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Longitudinal study of N compounds during flood neap and spring tides in the Terengganu River estuary, Malaysia

This study was performed in the Terengganu River estuary, which is connected to the southern part of the South China Sea, to determine the concentrations of surface water nitrogen (N) compounds during a longitudinal survey. In addition, measurements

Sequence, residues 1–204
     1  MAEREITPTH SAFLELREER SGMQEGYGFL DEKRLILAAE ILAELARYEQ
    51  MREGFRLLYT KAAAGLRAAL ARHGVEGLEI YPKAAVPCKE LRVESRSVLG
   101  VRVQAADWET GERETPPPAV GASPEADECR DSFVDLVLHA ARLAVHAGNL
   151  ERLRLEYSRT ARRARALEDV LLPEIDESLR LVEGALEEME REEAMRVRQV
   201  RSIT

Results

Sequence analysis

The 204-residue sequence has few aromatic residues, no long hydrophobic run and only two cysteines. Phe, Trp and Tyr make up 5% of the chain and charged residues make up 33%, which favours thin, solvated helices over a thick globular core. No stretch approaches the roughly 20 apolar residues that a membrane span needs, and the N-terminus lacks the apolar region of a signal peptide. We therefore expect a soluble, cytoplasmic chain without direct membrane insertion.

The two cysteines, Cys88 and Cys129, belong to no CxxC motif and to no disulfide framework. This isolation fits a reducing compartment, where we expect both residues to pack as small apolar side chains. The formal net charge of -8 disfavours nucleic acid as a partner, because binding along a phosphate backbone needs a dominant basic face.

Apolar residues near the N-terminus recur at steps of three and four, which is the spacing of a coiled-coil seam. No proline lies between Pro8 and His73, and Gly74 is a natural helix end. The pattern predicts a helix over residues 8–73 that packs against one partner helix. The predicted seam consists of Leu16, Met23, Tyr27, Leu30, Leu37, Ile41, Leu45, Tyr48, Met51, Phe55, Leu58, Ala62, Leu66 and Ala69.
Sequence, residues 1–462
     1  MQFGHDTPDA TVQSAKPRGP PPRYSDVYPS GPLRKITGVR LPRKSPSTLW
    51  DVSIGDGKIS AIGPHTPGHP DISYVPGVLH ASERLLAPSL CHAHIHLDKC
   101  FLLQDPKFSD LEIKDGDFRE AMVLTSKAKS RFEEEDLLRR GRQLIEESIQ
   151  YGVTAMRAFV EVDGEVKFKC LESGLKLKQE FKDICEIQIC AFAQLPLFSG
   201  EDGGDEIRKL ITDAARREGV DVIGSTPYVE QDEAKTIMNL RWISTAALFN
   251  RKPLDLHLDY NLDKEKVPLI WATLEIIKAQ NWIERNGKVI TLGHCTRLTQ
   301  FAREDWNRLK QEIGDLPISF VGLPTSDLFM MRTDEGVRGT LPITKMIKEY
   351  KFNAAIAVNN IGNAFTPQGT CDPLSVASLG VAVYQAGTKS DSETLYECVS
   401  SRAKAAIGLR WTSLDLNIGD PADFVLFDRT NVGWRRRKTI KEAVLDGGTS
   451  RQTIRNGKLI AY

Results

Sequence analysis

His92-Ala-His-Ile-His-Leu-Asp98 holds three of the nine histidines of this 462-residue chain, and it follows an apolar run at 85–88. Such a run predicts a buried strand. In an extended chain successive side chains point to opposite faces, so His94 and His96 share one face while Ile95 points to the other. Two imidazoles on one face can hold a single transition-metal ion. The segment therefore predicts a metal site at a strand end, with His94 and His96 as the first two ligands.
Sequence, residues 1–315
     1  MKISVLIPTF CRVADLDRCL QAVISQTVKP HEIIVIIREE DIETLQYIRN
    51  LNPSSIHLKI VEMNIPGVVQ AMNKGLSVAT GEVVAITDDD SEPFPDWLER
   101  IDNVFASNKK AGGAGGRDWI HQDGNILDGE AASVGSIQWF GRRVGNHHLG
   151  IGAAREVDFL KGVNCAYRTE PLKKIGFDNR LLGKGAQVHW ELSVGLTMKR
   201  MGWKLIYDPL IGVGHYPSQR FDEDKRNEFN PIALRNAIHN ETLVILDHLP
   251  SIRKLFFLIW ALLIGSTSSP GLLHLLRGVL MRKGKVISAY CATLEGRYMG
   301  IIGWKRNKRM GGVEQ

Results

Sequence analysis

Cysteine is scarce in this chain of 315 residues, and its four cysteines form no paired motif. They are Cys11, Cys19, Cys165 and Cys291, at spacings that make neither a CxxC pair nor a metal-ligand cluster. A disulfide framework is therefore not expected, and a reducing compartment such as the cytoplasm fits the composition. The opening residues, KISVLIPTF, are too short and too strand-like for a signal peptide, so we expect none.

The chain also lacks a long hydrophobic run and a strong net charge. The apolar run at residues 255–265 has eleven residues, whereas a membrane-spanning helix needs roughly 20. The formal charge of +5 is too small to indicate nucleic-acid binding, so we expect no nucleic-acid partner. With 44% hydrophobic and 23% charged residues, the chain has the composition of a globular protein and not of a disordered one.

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    Copyright © 2018 Suhaimi Suratman. This is an open access article distributed under the Creative Commons Attribution License, which permits unrestricted use, distribution, and reproduction in any medium, provided the srcinal work is properly cited.    International Journal of Engineering &Technology  , 8 (3) (2019) 350-356    International Journal of Engineering & Technology Website:  Research paper   Longitudinal study of N compounds during flood neap and spring tides in the Terengganu River estuary, Malaysia   Suhaimi Suratman 1 *, Azyyati Abdul Aziz 1 , Norhayati Mohd Tahir 1 , Lee Hin Lee 2   1  Institute of Oceanography and Environment, Universiti Malaysia Terengganu, 21030 Kuala Nerus, Terengganu, Malaysia 2 Water Quality and Environment Research Centre, National Hydraulic Research Institute for Malaysia, 43300 Seri Kembangan, Selangor, Malaysia *Corresponding author E-mail: Abstract This study was performed in the Terengganu River estuary, which is connected to the southern part of the South China Sea, to determine the concentrations of surface water nitrogen (N) compounds during a longitudinal survey. In addition, measurements of chlorophyll-a (chl-a) and the fractionation of total DON were also carried out. In general, higher concentrations of N compounds were recorded in lower salinity regions with many anthropogenic activities. The spring tide showed a significant role in controlling the N compounds as higher concentrations were found under this condition. This was probably due to strong currents which led to the resuspension of bottom sediment, thus releasing N compounds. Most of the N compounds showed addition behaviour along the salinity gradient which was more pronounced during the spring tide. A higher percentage of low molecular weight (LMW) total DON was recorded during the neap tide. The LMW fraction correlated well with chl-a concentrations suggesting that the source of this fraction is through direct release from phytoplankton. This longitudinal study shows the importance of measuring N compounds under different tidal conditions for a better understanding of the distribution of N compounds in the estuarine environment.  Keywords :  Surface Water; Nitrogen Compounds; Longitudinal; Behaviour; Fractionation. 1.   Introduction Estuaries are unique regions that have a combination of both freshwater and saltwater and are the major conduits between the land and sea. Rivers influence the transport of soluble and particulate materials derived from the catchment area to coastal waters through estuaries, and tides are a significant agent of transport of these loads in most coastal environments [1]. Spring and neap tides have been recognized as  playing a predominant role in controlling the distribution and transport of nutrients in estuaries. This has been documented for the Bonny estuary [2], the Zuari estuary [3], and the Terengganu River estuary [4]. The spring tide is associated with strong turbulent energy compared to the neap tide, as the amplitudes of spring tidal currents are approximately twice those of neap tides [5]. Spring tides strengthen the mixing of seawater between inside and outside of estuaries and cause stronger bottom stirring which results in the release of high levels of nutrients from bottom sediments to the surface water [3,4]. Therefore, it is necessary to understand the hydrodynamical effects induced by tides in order to explore the distribution of nutrients in estuaries.  Nutrient loads to estuaries have increased considerably as a result of anthropogenic activities and this deteriorates the water quality of the surrounding area [6].These threats affect freshwater sources and coastal areas through eutrophication and may lead to hypoxia event inten-sification. Thus, efforts to control estuarine eutrophication require a thorough understanding of the sources of nutrients, whether from inland, within the estuary or from the sea. The sources and sinks of nutrients within estuaries have been traditionally detected and quantified  by a theoretical conservative mixing model proposed by Liss et al. [7]. The model is the plots of nutrients as a function of salinity to demonstrate the conservative or non-conservative behaviour of nutrients in an estuary from a mixing line of freshwater and seawater [8].  Nitrogen (N) compounds have been chosen in this study since they are often identified as limiting nutrients to phytoplankton growth in the marine environment. Additionally, most eutrophication is driven by N [2]. Our previous works have shown that tides play a major role in controlling the distribution of N compounds in the Terengganu river estuary during ebb tide conditions and have also demonstrated non-conservative behaviour of No compounds with an addition tendency in this estuary [6], and the goal here is not to repeat but to complement this work. The main focuses of this study are (1) to investigate the variation of N compounds i.e. nitrate, ammonia, dissolved organic nitrogen (DON) and particulate organic nitrogen (PON) along the surface water of the Terengganu river estuary, focusing on the effects of spring and neap tides during flood flow conditions, (2) to demonstrate the  behaviour of the parameters measured during estuarine mixing using the model proposed by Liss et al. [7] and (3) to identify the concen-trations of size-fractionated DON in order to further understand its possible sources.   International Journal of Engineering & Technology 351 2.   Methodology The study area is the Terengganu River estuary (TRE), situated next to the southern waters of the South China Sea (Figure 1). Generally, this estuary is categorized as a small estuary with a total area of about 8 km 2  [9]. It receives run-off from the Terengganu and Nerus Rivers. Tides in the TRE are typically semi-diurnal with tidal ranges during neap and spring tides of about 0.7-2.0 m and 0.5-2.5 m, respectively. This study was carried out during a neap (2/4/2012) and spring tide (10/6/2012) under similar tidal conditions (flood flow) along the TRE. A total of 24 stations were selected, covering the upstream and downstream areas. The surface water samples were collected at approxi-mately 0.5 m depth using a Van Dorn sampler and placed directly into acid-washed polyethylene bottles. These were immediately kept in an icebox and transported to the laboratory. Samples were filtered through pre- combusted (450 ºC for 5 h) Whatman GF/F filters (0.7 μm) immediately upon arrival at the laboratory. The dissolved samples were stored frozen (-20 ºC) and loaded filters for chl-a analysis were folded and placed in a polyethylene centrifuge tube wrapped with aluminium foil and also frozen for further analysis. In addition, the  particulate matter retained on the filters was kept in a desiccator overnight and then subjected to PON analysis. Pre-filtered 100 mL water samples from eight selected stations were filtered again through tangential flow ultrafiltration vivaflow 200 (Sartorius stedim) with a molecular weight cut-off of <10 kDa. Fig. 1:  Map Showing the Sampling Stations in the Study Area. In laboratory analyses, dissolved inorganic nitrogen (DIN), i.e. nitrate and ammonia, was determined colourimetrically, where concentra-tions of nitrate were analysed using the Cu-Cd column reduction method and ammonia with indophenol blue colour formation and detected spectrophotometrically as a coloured complex with a continuous flow analyser (Skalar San plus) as followed by Kirkwood [10]. Dissolved organic N (DON) was determined by measuring TDN and subtracting the DIN concentrations. TDN was measured based on the high-temperature catalytic oxidation (HTCO) method with a Shimadzu TOC-VCPH total organic carbon analyser equipped with a TNM-1 total nitrogen measuring unit as described in detail by Suratman et al. [11]. Weight fractionation of DON was carried out using an ultrafiltration technique. The ultrafiltrate from this technique was collected and the concentration of TDN in this fraction was measured accordingly and then the DIN concentrations were taken from this. The DON in this ultrafiltrate is then referred to as low molecular weight (LMW) [11]. In addition, chl-a analysis was undertaken according to Parson et al. [12], and the concentration in the extracted filtrate mixed with 90% acetone for 24 h was determined using a Shimadzu 1201 spectrophotometer. 3.   Results and discussion 3.1. Longitudinal distribution The distributions of N compounds in the TRE for neap and spring tides are given in Figure 2. The nitrate concentrations ranged between 1.2 and 4.7 µM and the two-way ANOVA test showed nitrate concentrations were significantly different (p<0.05) between sampling trips and sampling stations. When comparing the range concentrations of nitrate between the neap and spring tides, it was seen that nitrate in the surface waters was higher in the spring tide (1.2-4.7 µM) compared to the neap tide (1.4-4.0 µM). During the spring tide, stronger water turbulence with a high tidal range may result in direct contact between the surface and bottom waters, leading to stronger bottom mixing. Stronger bottom mixing tends to increase the nitrate released from the resuspended bottom sediment to the surface water. Similarly, a study  by Sharples at el. [5] obtained higher nitrate during spring tide compared to neap tide and indicated that the strong turbulence during the spring  352  International Journal of Engineering & Technology Fig. 2:  Longitudinal Distribution of N Compounds in Terengganu River Estuary. Tide affected sediment resuspension and in response caused high nitrate release. A similar explanation was given by Anand et al. [3] who recorded a higher range of nitrate concentrations during the spring (12.7-16.2 µM) compared to the neap tide (9.5-10.8 µM) due to strong turbulence. Lallu et al. [13] found that the variation of nutrients depends on tidal and freshwater flow  –   high tidal range and increased freshwater flow during the spring tide influenced the higher nitrate concentrations observed at all sampling station in the Cochin estuary, India. In this study, the ammonia concentrations varied from 4.5 to 23.6 µM. The two-way ANOVA test showed the ammonia concentrations were significantly different (p<0.05) between sampling surveys, but not significantly different (p>0.05) between sampling stations. A higher range of ammonia concentrations was found during the spring tide (4.5-23.6 µM) compared to the neap tide (17.6-23.3). Similar to nitrate, the large tidal range generated a strong current which leads to resuspension of bottom sediments during the spring tide. The ammonia in the bottom sediment was released, leading to an increase of ammonia in the surface water. The reverse of this observation was seen during the neap tide, with low ammonia concentrations. The same observation was reported by Gilbert et al. [14] in the Columbia River estuary, where higher ammonia concentrations were recorded during the spring tide rather than the neap tide. The authors indicated that the strong current and well-mixed water column during the spring tide resulted in a more turbid estuary. As a result, the disturbed sediment caused increased ammonia to be released. Similarly, Anand et al. [3] also found higher ammonia concentrations in the Zuari estuary, India during the spring tide and attributed the higher concentrations to the higher tidal range during the spring tide which enhanced the water turbulence and facilitated the ammonia release from the bottom sediments. In addition, Tanaka & Choo [15] reported significantly higher ammonia concentrations during the spring tide in the Matang Mangrove estuary, Malaysia which was due to the effect of tidal mixing caused by the spring tide. The authors indicated that the water was vertically well-mixed during the spring tide and this resulted in the resuspension of mud flat sediment and lead to the release of a high amount of ammonia. The concentrations of DON found in this study ranged from 11.4 to 36.9 µM. The two-way ANOVA test showed the DON concentrations were significantly different (p<0.05) between sampling surveys, but not significantly different (p>0.05) between sampling stations. Com- parisons of DON levels between neap and spring tides indicated that the range of concentrations of DON was higher during the spring tide (11.4-32.5 µM) compared to the neap tide (15.9-36.9 µM). Other studies have recorded a reverse trend, with a high range of concentrations of DON during the neap tide in comparison to the spring tide. For example, a study by Liu et al. [16] in Jiaozhou Bay, China suggested that DON derived from land sources is higher during the neap tide due to low water turbulence which disables the dispersion of nutrients in the surface water and results in the high DON concentrations observed during the neap tide. In addition, Kaiser et al. [1] also found a 012345S1S2S3S4S5S6S7S8S9S10S11S12S13S14S15S16S17S18S19S20S21S22    N   i   t  r  a   t  e   (  µ   M   )  Neap tideSpring tide0510152025    S   1   S   2   S   3   S   4   S   5   S   6   S   7   S   8   S   9   S   1   0   S   1   1   S   1   2   S   1   3   S   1   4   S   1   5   S   1   6   S   1   7   S   1   8   S   1   9   S   2   0   S   2   1   S   2   2    A  m  m  o  n   i  a   (  µ   M   )  Neap tideSpring tide010203040S1S2S3S4S5S6S7S8S9S10S11S12S13S14S15S16S17S18S19S20S21S22    D   O   N   (  µ   M   )  Neap tideSpring tide   International Journal of Engineering & Technology 353 higher value of DON during the neap tide instead of the spring tide for both the spring and summer seasons. The authors suggested that DON derived from livestock waste, and possibly low water turbulence during the neap tide, led to higher DON availability in the surface water. However, this was not observed in the TRE as a lower range of DON concentrations was found during the neap tide. This was  probably related to strong turbulence that resulted in the resuspension of bottom sediments and vertical mixing which was induced by strong tidal currents during the spring tide. As a result, these processes accelerated the release of high levels of DON. The trend observed was similar to the studies by Sharples et al. [5] and Anand et al. [4], which showed that the spring tide affected (strengthened) sediment resuspension and vertical mixing of the water column. In addition, a contribution of DON from the resuspension of organic matter from  bottom sediments was observed by Suratman et al. [4] and Zhang et al. [17]. Both of these studies recorded increases in DON concentrations in the water column as a result of mixing driven by storms and wind. Throughout the study, the PON concentrations ranged between 6.0 and 18.8 µM and the two-way ANOVA test showed PON concentrations were not significantly different (p>0.05) between sampling trips or sampling stations. Comparison of PON levels between the neap and spring tides indicated that the range of concentrations of PON was lower during the neap tide (10.5-18.8 µM) compared to the spring tide (6.0-18.3 µM). This high range of concentrations in the spring tide compared to neap tide was similar with the ranges found for other N compounds. Kristensen & Suraswadi [18] also recorded that PON was higher during the spring tide rather than the neap tide and indicated that fast water currents during the spring tide resulted in higher turbidity, which may increase PON availability. 3.2. Behaviour The N compounds  –  salinity relationship in the TRE during neap and spring tide surveys are shown in Figure 3. Generally, the nitrate concentrations were higher at the freshwater end-member than the coastal seawater end-member. These results revealed that the source of nitrate was the freshwater region. Nitrate concentrations behaved non-conservatively, with removal and addition recorded during the neap and spring tides, respectively. The removal of nitrate was observed in the middle salinity region (0-15 ppt). This was possibly due to a chemical denitrification process process which takes place in the estuary. Generally, the denitrification process favours low oxygen condi-tions in the water column where nitrate will be reduced to ammonia, which eventually leads to high ammonia concentrations. This obser-vation is supported by the removal of DO that was observed by Salum et al. [19] in the TRE during the same survey. In addition, this was consistent with the ammonia value, which was found to behave non-conservatively with addition processes. This result provides a clear indication that denitrification processes may take place in the estuary and low concentrations of nitrate may lead to high ammonia concen-trations due to the influence of low DO concentrations. The denitrification process has been widely cited as a possible mechanism for nitrate removal during estuarine mixing. Examples include the Wenjiaohe estuary, China [20] and the Columbia River estuary, USA [14]. In contrast, the addition of nitrate was observed in the estuarine area, especially in the higher salinity region. The additional source of nitrate could be associated with anthropogenic activities in the TRE. Previous studies by Suratman et al. [21] indicated that several activities in the TRE such as Pasar Payang, fish landing at the jetty, boating activities, tourism, and direct domestic sewage discharge may lead to high nitrate concentrations in surface water. In addition, Jickells et al. [6] also found that the TRE was impacted by a secondary source of nutrients (sewage input) which may encourage the non-conservative behaviour of nutrients. Similar to nitrate, higher concentrations of ammonia were also found in the freshwater compared to the seawater end-member, indicating the input of this particular nutrient was also from the freshwater area. Non-conservative behaviour with an addition tendency was observed for ammonia in both surveys. The maximum input of ammonia was more pronounced during the spring tide at salinities of 10-15 ppt. In the present study, significant removal of nitrate and DO content [19] was found during the neap tide, clearly showing that predominant denitrification processes inside the estuary were possible sources of the ammonia content in the water column. Similarly, Tahir et al. [8] found an additional source of ammonia in the Dungun River estuary that was attributed to the denitrification process which converts oxidised nitrogen species, e.g. nitrate and nitrite, to ammonia in water with low DO content. The observation made by Liu et al. [20] showed the addition of ammonia was more pronounced at low salinity regions, which was comparable to the present results. The authors suggested that the input of ammonia was derived from anthropogenic activities such as agricultural activities, i.e. extensive use of chemical fertilizer, degradation from organic matter, and natural denitrification processes within the estuaries. In addition, the additional source of ammonia can be attributed to the resuspension of bottom sediment. For example, Kadiri et al. [22] found an addition source of nutrient in the Severn estuary, UK and suggested the higher input of nutrients can be associated with internal sources such as resuspension from the estuary bed. The resuspension of bottom sediment will release nutrients into surface water and indirectly increase the nutrient concentra-tions there. The present study revealed that the concentrations of ammonia in the estuary were contributed to by the internal process of denitrification and external process of anthropogenic activities. 0123450510152025    N   i   t  r  a   t  e   (  µ   M   )  Neap tide 0123450510152025    N   i   t  r  a   t  e   (  µ   M   ) Spring tide  354  International Journal of Engineering & Technology Fig. 3:  Behaviour of N Compounds in Terengganu River Estuary. The effect of mixing patterns between freshwater and coastal seawater on DON in the TRE showed that non-conservative behaviour was found for neap and spring tide surveys, with addition of DON. In general, the DON concentrations were more concentrated at the freshwater end-member compared to the coastal seawater end-member and gradual decreasing concentrations were seen as salinity increased. This indicated that the DON in this estuary was mostly from riverine input. An additional source of DON concentrations could be anthropogenic activities from upstream and the urban area of Kuala Terengganu town. Several studies have also found that anthropogenic activities contributed to the addition of DON in the water column. For example, Kaiser et al. [1] found the non-conservative behaviour of DON in the Nanliu estuary, China and indicated that an input of DON from livestock waste as a strong source of DON concentrations in the inner  part of the estuary. Therefore, the addition of DON in the TRE was mainly due to the anthropogenic activities such as domestic sewage, economic activities, livestock farming, boat manufacturing, aquaculture activities and tourism along the Terengganu River which flows into the low and middle salinity regions. The results obtained for both surveys demonstrated non-conservative behaviour with addition of PON. In general, the concentrations of PON decreased in higher salinities but exhibited a wider range of PON concentrations in the lower salinity reaches. This indicated that the PON in this estuary could be derived from riverine input. There were several sources which could explain the addition of PON in this area. Among the anthropogenic activities that could lead to an increase in PON concentrations are domestic sewage from residential areas and effluents from activities in both rural and urban areas that discharge directly into the water column. It is possible that the river transported mineral-rich material such as detritus from terrestrial plants and the resuspension of sediment correlated to the tidal conditions, water current and wind may release more PON to the water column. Furthermore, the addition of PON in the estuary was not only from land-derived and riverine input but might be influenced by other mechanisms such as autochthonous materials from the aquatic system (i.e.  phytoplankton and bacteria) that contained a high level of organic matter which contributed to the concentrations of PON in the water column. Abril et al. [23] reported 70% of PON from various sources in the Gironde estuary, France was carried by the rivers and recycled  by mineralization, especially in the turbid area of estuaries, because PON is part of suspended particulate matter (SPM). Thus, an addition of PON in the TRE corresponds to input from upstream and land-based activities. 3.3. Fractionation The percentage abundance of the LMW fraction in total DON for the longitudinal surveys is illustrated in Figure 4. Throughout the study, the percentage of LMW DON was in the range 58 to 93% (mean 78±13%) and 45 to 71% (56±11%) for neap and spring tides, respectively. However, the two-factor ANOVA test showed there was no significance difference (p>0.05) between sampling surveys and sampling stations. The LMW DON showed distinct variations between neap and spring tides as a higher percentage was recorded during the neap tide compared to the spring tide. These results revealed that the LMW DON fraction accounts for most of the total DON during neap tide surveys, but for spring tides, most of the DON fraction was in the form of HMW DON. This relationship was expected to be driven by the water current. In general, the stronger tidal currents during spring tides were able to increase the resuspension of bottom sediments which 036912150510152025    A  m  m  o  n   i  a   (  µ   M   )  Neap tide 036912150510152025    A  m  m  o  n   i  a   (  µ   M   ) Spring tide 01020300510152025    D   O   N   (  µ   M   )  Neap tide 01020300510152025    D   O   N   (  µ   M   ) Spring tide 0481216200510152025    P   O   N   (  µ   M   ) Salinity (ppt) Neap tide 0481216200510152025    P   O   N   (  µ   M   ) Salinity (ppt)Spring tide